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Cash-strapped SANDF 'spent R5m on general's funeral' — report

Family, friends, and colleagues at the funeral of SANDF logistics chief Lt-Gen Xolani Brian Ndlovu. File photo.
Family, friends, and colleagues at the funeral of SANDF logistics chief Lt-Gen Xolani Brian Ndlovu. File photo.
Image: Eugene Coetzee/HeraldLIVE

The SA National Defence Force (SANDF) spent an estimated R5m on guest houses, catering, allowances, buses and a fly-past at the funeral of a top general in the Eastern Cape.

Nearly 450 soldiers and officers travelled to the funeral last Sunday of logistics chief Lt-Gen Xolani Ndlovu in New Brighton, according to Sunday publication Rapport.

SANDF members were reportedly instructed to stay in guest houses, not military barracks, and claim allowances to cover meals — despite a recent ban on non-urgent travel and travel allowance claims.

The publication said military accommodation and meals would have cost a fraction of its “conservative estimate” of R4.2m spent on guest houses and travel allowances. Additional costs included a flyover by two Gripen fighter jets and one C-130, catering, mobile toilets, tents and five hired buses.

HeraldLIVE reported there were about 500 mourners at the Nangoza Jebe Hall in New Brighton.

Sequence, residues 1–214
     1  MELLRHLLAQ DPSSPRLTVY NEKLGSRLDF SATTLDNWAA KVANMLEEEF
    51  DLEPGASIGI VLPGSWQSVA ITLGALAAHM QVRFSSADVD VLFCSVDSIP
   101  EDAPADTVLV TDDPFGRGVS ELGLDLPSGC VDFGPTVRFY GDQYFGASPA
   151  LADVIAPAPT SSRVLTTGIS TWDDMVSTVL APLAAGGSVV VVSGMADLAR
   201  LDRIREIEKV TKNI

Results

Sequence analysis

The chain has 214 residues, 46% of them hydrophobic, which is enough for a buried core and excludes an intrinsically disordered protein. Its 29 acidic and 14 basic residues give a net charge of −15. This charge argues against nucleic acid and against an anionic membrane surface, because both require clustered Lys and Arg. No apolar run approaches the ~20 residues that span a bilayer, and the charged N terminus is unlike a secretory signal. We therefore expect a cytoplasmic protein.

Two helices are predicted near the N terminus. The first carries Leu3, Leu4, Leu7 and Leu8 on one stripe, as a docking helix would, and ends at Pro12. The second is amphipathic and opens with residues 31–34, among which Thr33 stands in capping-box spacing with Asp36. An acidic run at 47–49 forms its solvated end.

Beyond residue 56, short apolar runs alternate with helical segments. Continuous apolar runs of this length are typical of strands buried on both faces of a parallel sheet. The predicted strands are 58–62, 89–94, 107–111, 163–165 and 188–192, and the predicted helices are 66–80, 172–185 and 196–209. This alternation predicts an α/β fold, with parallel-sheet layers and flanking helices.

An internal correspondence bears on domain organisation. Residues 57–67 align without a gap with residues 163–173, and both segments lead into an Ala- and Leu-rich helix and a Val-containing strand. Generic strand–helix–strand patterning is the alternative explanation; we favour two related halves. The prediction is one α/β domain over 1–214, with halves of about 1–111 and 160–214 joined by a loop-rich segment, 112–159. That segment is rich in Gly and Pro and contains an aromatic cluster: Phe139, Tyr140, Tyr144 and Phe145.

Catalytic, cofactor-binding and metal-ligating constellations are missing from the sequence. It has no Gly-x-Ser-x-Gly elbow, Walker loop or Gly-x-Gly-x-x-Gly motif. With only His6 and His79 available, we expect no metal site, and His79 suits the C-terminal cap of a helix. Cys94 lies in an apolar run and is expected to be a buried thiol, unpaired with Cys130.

“He will forever live on in the life of our organisation,” SANDF chief Gen Rudzani Maphwanya told mourners. 

“He shall never be forgotten ... In his name, we will never waver in our efforts to serve the republic and support its people ... His legacy will loom large in the pages of the department of defence and in the story of our country.

“He gave much to his work. May the fond memories of this fallen compatriot remain with us forever.”

Independent security and defence analyst Helmoed Heitman wrote in Business Day that defence funding was less in real terms this year than in 1998, and had declined from 5.36% of government spending in 1998 to 2.27% in 2023.

Defence minister Thandi Modise recently disclosed, in response to a DA question in parliament that 85% of the SA Air Force’s aircraft were out of action due to age, a lack of spares or budget constraints.


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